Avon cop overreacted at school | VailDaily.com
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Avon cop overreacted at school

Matt Zalaznick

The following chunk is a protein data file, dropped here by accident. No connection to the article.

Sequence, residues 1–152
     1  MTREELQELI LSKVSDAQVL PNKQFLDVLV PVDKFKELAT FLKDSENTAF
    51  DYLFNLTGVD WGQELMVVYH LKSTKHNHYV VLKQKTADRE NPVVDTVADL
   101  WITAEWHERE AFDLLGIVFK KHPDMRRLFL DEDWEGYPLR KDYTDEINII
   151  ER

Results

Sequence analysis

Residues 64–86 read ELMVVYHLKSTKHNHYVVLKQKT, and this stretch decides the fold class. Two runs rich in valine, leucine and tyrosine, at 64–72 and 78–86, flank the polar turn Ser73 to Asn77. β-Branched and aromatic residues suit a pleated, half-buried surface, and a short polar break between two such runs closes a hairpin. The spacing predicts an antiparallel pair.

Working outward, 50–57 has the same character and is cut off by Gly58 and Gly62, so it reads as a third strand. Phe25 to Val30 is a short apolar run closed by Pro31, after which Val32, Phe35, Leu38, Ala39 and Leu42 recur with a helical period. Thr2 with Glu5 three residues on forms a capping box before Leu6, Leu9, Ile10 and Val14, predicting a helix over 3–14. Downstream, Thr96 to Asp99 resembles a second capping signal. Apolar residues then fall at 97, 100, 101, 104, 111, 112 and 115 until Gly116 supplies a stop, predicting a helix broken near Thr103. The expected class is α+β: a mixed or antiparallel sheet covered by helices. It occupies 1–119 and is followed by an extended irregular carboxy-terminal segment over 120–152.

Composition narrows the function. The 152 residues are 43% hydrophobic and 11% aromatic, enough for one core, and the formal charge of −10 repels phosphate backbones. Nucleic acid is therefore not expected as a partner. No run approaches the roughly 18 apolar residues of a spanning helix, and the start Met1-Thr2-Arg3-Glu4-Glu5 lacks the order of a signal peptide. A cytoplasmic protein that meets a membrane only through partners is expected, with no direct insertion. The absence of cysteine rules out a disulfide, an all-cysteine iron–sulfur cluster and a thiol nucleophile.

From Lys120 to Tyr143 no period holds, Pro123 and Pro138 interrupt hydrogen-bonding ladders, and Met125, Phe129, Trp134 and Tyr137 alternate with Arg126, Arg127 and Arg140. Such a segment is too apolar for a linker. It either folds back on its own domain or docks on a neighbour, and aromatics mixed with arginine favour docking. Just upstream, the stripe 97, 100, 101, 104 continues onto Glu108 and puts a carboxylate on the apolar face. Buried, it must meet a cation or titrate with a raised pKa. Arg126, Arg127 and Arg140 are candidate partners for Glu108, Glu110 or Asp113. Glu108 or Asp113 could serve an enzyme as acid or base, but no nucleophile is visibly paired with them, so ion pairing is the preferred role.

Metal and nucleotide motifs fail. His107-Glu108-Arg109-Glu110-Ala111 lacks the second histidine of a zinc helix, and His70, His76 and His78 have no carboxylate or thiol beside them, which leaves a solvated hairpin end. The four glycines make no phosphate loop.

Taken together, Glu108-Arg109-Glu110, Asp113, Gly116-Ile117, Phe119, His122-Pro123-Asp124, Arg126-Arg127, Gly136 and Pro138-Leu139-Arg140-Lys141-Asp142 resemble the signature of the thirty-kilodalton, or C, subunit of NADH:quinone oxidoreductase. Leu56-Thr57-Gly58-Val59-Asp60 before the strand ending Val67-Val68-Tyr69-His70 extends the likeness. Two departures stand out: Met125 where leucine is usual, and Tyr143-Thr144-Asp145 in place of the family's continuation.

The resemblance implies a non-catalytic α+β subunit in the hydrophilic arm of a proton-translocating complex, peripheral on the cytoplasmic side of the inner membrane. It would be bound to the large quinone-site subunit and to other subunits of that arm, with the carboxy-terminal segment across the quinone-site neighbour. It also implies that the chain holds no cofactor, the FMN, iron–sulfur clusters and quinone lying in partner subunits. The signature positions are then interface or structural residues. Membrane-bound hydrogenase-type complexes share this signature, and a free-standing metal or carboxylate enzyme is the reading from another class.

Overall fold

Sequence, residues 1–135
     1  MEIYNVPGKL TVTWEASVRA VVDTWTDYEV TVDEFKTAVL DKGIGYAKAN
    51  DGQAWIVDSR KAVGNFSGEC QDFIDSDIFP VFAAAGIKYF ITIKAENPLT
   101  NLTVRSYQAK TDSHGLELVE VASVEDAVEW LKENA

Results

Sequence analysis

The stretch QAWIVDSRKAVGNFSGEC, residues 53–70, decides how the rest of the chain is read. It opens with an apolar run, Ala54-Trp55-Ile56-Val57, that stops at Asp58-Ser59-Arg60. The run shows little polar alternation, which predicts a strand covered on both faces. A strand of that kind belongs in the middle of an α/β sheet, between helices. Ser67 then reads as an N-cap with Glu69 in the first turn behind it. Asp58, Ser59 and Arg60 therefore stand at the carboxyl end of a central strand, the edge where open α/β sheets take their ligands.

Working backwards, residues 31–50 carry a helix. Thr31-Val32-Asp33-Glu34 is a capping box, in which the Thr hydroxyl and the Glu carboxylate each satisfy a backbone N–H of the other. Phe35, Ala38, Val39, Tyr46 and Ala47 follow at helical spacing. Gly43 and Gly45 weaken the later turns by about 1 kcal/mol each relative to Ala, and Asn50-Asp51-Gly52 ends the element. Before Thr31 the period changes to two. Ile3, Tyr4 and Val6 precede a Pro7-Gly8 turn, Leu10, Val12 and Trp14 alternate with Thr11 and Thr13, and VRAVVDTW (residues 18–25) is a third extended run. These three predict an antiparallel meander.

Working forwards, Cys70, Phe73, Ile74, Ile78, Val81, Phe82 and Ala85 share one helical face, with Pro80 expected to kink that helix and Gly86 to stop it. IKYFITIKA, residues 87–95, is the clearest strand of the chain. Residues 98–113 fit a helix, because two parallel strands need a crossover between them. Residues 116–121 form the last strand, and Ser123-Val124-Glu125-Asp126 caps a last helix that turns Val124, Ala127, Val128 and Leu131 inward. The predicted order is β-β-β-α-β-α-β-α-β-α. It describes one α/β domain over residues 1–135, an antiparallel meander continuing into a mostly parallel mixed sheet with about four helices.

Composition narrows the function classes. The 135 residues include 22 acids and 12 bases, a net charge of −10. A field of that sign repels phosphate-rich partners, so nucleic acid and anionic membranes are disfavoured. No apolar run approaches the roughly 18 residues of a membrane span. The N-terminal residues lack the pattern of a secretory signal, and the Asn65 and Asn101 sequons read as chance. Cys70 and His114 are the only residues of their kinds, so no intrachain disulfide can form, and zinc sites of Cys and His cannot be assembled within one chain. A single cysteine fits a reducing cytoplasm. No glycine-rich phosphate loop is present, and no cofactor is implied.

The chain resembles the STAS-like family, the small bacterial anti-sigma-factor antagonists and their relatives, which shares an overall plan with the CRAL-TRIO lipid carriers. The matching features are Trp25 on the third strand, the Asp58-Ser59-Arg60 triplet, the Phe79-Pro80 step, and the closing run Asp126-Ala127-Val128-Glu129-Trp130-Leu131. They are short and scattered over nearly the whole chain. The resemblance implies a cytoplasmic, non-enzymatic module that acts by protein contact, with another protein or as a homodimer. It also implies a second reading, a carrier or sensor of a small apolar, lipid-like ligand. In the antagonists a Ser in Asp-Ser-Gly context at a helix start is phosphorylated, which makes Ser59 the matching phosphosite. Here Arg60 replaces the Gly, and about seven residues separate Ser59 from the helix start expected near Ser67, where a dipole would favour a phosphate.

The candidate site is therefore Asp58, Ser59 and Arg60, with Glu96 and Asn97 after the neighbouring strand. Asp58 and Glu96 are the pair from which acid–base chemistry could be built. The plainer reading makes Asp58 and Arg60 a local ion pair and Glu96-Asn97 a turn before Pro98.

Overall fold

Little boys are supposed to get into scuffles on the playground. But they’re not supposed to go home from school handcuffed, frightened and probably traumatized in the backseat of a police car.The 10-year-old boy cuffed and driven home by Avon police Officer Dave Wineman on Feb. 17 was mistreated, plain and simple. The police department, Avon Elementary School and the town of Avon screwed up badly – they failed a little boy to whom they are supposed to provide a comfortable place to get an education.Who cares if he’ll never trust cops – the boy can get by in life disliking the police. But one wonders if he’ll ever feel comfortable in his school and if that uneasiness will damage his ability to learn there.The town is not releasing the officer’s report, but it’s a load of baloney – if not outright demented – for the town to say a 10-year-boy, one of the smallest students in his class, was deemed by Wineman to be a threat to himself and the other students. The boy was supposedly in a school office at the time, and there are no reports that he was either armed or acting in a threatening manner.Maybe the officer was bored because there hadn’t been a lot of action at the school – not a lot of call for police power in the halls of an elementary. Or, new on the job, perhaps he was looking to show the little kids who’s really boss – that even the principal can’t protect them from the police.Our society has gone a little bit mad when we react to childhood tiffs and squabbles with armed police and handcuffs. Are we that hysterical about violence – are we that afraid – that we treat a child who steps out of line as if he were an armed robber or a suicide bomber?And what is a police officer doing in an elementary school anyway? As far as we know, there hasn’t been a lot of violence, gun-running or hijackings at the school.A reader, identified as SJH from Basalt, summed up this fiasco well on our Web site: “This is clearly an over-reaction on the part of the school and law enforcement. For cryin’ out loud! The kid was already emotional and afraid. Did you have to threaten him with harm to his parents!? C’mon people. Kids have conflicts. Adults have conflicts. Not everything requires the intervention of law enforcement.”Police don’t even belong in an elementary school. However, their presence, if sensitive, can be appropriate in middle and high schools, where there truly may be a threat to other students, teachers and other employees. The idea behind so-called “community policing” is to build trust between police and students looking for help or advice, not incarceration. Actions like those of Wineman, however, are likely to shatter any trust built up.If we don’t want to raise a generation of nervous, timid children, they’ve got to be allowed to screw up, and learn from their screw ups. And chances are, if two kids really have it in for each other, there’s nothing a police officer is going to do to prevent violence. Kids, along with being fallilable, are also crafty and often very determined.An appropriate way for the school district to respond to this screw-up in Avon is to kick all the cops out of its schools, and call 911 when police presence is actually needed.We’ve got sort of a twisted view of children in America: We think they’re precious but it seems we’re also afraid of them. We fret about their fragile self-esteem, but we’re eager to crush their budding personalitles with rules and punishments.We blab about how special they are, how they’re the future, how they should be protected at all costs, but we don’t seem to have any patience when they get into playground scuffles or say a dirty word or have a tantrum – when, actually, they’re just acting like kids.Vail, Colorado


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